When are crimes against humanity ‘arcane references’?

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When are crimes against humanity “arcane references”? When the United States government commits them. According to Politico (Michael Crowley, “Sanders once urged abolishing CIA,” Feb. 22), in a debate with Hillary Clinton, Bernie Sanders “befuddled some viewers with an arcane reference to a 1953 U.S.-backed coup in Iran, which Sanders called an example of America’s history of ‘overthrowing governments.’” The fact that a mainstream liberal publication refers to the overthrow of Mossadegh as an “obscure reference” that’s “befuddling” to the American public says everything you need to know about how the American educational system and mass media serve the state’s official line.

Of course the Iran coup wasn’t some outlier in American foreign policy. As Sanders himself noted in 1989 — another one of those “arcane references” quoted by Crowley — every “revolution for the poor people” in Latin America had been “overthrown by the CIA.”

But even this doesn’t go nearly far enough. The question isn’t so much where the U.S. has installed dictatorships and funded death squads and state terrorism, as where it hasn’t. Just sticking to the post-WWII period, the U.S. began by dispossessing left-wing anti-fascist guerrillas in former Axis territory of their gains on the ground, and instead replacing them with provisional governments headed by politicians or generals who had collaborated with Nazi Germany and militarist Japan. In South Korea, where anarchist activists had created a loose federation of self-managed villages and factories in the vacuum left by Japan’s withdrawal, the U.S. installed a military dictatorship.

The U.S. overthrew the land-reforming Jacobo Arbenz in Guatemala and replaced him with a right-wing military dictator, the beginning of forty years of U.S.-backed state and death squad terror against economic justice movements — with a death toll in the millions — in Central America. It overthrew Sukarno in Indonesia; the Suharto dictatorship murdered up to a million people in the ensuing purges. It assassinated Patrice Lumumba, the first democratically elected leader of the Congo, and backed the butcher Robert Mobutu through years of bloody civil war. Beginning with Brazil, successive U.S. administrations replaced most of the governments in South America with military dictatorships.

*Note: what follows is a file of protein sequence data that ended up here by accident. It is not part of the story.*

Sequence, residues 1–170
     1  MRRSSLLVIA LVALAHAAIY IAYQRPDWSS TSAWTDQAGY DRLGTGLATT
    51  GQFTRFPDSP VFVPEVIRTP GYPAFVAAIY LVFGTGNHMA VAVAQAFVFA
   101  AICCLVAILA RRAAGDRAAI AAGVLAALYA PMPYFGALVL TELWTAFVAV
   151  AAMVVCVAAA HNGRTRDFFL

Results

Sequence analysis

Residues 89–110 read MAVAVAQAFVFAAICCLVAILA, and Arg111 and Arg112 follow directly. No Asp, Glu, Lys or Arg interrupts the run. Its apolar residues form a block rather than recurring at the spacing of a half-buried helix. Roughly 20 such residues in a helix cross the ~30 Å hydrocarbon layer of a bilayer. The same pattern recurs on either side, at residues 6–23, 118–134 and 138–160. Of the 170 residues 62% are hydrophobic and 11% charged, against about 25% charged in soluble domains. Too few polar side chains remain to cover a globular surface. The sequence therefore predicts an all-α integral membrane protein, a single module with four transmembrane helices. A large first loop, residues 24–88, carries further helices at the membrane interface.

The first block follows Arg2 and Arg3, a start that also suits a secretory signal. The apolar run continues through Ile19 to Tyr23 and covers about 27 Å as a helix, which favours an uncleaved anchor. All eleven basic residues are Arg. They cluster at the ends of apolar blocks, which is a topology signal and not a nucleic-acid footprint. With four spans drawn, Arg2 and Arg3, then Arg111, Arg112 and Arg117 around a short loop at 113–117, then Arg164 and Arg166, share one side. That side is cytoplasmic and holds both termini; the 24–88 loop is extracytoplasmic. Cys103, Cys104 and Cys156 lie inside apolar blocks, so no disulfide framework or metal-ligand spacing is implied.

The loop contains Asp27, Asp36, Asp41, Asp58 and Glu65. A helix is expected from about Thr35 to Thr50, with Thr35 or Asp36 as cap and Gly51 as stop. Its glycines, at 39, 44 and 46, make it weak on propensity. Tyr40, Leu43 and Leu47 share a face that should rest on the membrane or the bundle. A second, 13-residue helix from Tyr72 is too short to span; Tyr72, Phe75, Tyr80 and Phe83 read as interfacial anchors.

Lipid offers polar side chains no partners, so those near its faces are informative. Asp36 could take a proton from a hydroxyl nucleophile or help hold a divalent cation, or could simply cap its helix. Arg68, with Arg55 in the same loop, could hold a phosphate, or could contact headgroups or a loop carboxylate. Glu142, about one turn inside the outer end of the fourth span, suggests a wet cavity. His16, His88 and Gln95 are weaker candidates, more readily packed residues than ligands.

And the astonishing thing is, virtually all of these crimes really are “arcane references” that the “befuddled” American public has never heard of. If the people of any other country in the world were so abysmally ignorant of their own government’s record of crimes and atrocities, centrist talking heads would clutch their pearls about that wicked government deceiving its people with propaganda. The comparison is really quite apt.

Noam Chomsky and Edward Herman developed a “propaganda model” of the U.S. mass media, arguing that the cumulative filtering effect of corporate advertising money and the media’s reliance on official sources result in “news” that toes the official government foreign policy line as closely as the official state media in a totalitarian country.

Looking at what passes for foreign news in the U.S. mass media, it’s hard to say they’re exaggerating. During the Congressional debates over the Balkan Wars of the ’90s, I recall a Congressman on C-SPAN saying he had “been taught” in school that “the United States never fights wars to acquire territory or treasure, but only to liberate other people.” I take it none of his teachers mentioned the Mexican War, which was fought on a trumped-up pretext mainly for the purpose of annexing territory for new slave states. And the U.S. may not have acquired any “territory” in Guatemala in 1954, but United Fruit Company sure did.

At the same time CNN was mocking “Baghdad Bob,” it was uncritically showing staged footage of “celebrating” Iraqi crowds tearing down statues of Saddam. In cable news talking head analysis of the Caucasus crisis in August 2008, you could watch through hundreds of hours of bloviation about “Russian aggression” without hearing anybody mention that Georgia had started the whole mess by invading a region whose autonomy was guaranteed by treaty.

If you replaced the German population in 1939 with today’s Americans, CNN would be reporting as straight news that we were invading Poland in self-defense, because of Polish aggression against ethnic Germans in Danzig. And if anyone suggested the “Polish aggression” was committed by German officers in Polish uniforms, Chris Matthews would rupture a blood vessel screaming about “tinfoil hats.” This is every war America fights.

As Jesus said, why beholdest thou the mote that is in thy brother’s eye, but considerest not the beam that is in thine own eye?

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